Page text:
Snake deployed on July 5, and stated that he had no idea if he would survive. For security reasons, his wife and children were not photographed for the Milwaukee Independent interview. What the combat veteran shared offered an insight into the trauma frontline soldiers face defending their homeland and homes from Russia’s brutality.

“I would like to say something heroic, patriotic, or just poetic. But I cannot escape from the horrors of this war. Time with my family offers a pause from that trauma, but nothing like peace,” added Snake. “I have no wish for death, I want to see my children grow up and live in a free Ukraine. But at least in death the war for me will be over.”

Series: Return to Ukraine

Lее Mаtz

Milwaukee Independent has reported on Russia’s brutal full-scale invasion of Ukraine since it began on February 24, 2022. In May of 2022, Milwaukee Independent was the first news organization from Wisconsin to report from Milwaukee’s Sister City of Irpin after its liberation. That work has since been recognized with several awards for journalistic excellence. Between late June and early July of 2023, Milwaukee Independent staff returned to Ukraine for a second assignment to report on war after almost a year. The editorial team was embedded with a Milwaukee-based nonprofit, Friends of Be an Angel, on a humanitarian aid mission across Ukraine. For several weeks, Milwaukee Independent documented the delivery of medical supplies to military and civilian hospitals, and was a witness to historic events of the war as they unfolded.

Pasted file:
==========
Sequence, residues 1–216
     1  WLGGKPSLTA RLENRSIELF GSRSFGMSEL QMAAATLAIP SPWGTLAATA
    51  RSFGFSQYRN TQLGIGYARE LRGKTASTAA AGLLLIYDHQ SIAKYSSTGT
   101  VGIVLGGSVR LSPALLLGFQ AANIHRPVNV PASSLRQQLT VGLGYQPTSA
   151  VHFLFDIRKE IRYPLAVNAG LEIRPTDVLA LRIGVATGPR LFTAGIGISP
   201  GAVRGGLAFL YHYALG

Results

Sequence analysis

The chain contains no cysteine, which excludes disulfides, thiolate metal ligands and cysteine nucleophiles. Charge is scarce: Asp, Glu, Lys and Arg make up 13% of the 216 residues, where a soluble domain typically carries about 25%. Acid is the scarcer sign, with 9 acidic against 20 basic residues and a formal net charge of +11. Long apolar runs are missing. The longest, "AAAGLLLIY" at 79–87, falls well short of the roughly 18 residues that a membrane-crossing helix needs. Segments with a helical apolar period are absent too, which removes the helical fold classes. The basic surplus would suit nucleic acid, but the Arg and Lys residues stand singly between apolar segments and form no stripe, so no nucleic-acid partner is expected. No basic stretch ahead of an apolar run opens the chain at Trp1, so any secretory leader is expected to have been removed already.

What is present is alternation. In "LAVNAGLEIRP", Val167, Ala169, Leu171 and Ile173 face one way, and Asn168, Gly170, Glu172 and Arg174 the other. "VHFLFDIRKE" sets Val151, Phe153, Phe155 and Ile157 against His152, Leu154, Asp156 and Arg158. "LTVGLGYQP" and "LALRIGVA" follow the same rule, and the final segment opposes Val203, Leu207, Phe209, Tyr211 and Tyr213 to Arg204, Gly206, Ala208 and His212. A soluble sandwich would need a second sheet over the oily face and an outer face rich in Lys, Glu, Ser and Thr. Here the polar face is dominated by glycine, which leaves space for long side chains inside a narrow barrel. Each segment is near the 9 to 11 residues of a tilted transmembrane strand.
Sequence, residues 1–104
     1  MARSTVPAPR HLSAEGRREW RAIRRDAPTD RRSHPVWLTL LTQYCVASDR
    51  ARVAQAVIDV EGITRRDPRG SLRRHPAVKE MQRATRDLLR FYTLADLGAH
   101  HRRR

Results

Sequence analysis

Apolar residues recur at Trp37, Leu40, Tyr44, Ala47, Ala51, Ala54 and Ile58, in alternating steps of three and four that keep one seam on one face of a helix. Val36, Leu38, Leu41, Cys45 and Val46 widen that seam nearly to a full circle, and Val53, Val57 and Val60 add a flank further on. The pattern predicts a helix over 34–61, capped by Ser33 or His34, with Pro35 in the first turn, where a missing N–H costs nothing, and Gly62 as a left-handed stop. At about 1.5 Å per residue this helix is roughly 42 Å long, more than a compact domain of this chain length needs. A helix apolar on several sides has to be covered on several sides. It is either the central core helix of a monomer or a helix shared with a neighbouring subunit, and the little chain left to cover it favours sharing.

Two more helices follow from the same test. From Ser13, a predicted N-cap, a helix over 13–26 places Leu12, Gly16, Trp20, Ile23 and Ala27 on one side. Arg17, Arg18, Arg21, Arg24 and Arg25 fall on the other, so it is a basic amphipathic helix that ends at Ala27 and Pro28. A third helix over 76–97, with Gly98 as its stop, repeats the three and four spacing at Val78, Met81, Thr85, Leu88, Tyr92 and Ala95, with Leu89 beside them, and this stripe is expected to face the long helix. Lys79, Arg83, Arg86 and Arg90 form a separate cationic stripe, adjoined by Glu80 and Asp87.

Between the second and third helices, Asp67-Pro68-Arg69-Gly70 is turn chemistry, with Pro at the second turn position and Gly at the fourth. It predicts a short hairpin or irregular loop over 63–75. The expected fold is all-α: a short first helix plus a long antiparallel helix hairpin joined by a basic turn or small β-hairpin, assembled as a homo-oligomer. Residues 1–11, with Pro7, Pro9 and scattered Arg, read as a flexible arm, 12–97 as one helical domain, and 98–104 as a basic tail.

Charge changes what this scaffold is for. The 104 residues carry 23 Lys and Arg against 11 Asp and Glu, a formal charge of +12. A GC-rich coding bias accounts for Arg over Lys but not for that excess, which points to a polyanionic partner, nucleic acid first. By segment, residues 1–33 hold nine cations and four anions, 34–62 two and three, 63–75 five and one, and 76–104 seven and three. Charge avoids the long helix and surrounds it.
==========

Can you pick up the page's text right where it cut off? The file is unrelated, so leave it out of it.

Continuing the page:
Return to Ukraine: Reports about a humanitarian mission from Milwaukee after a year of war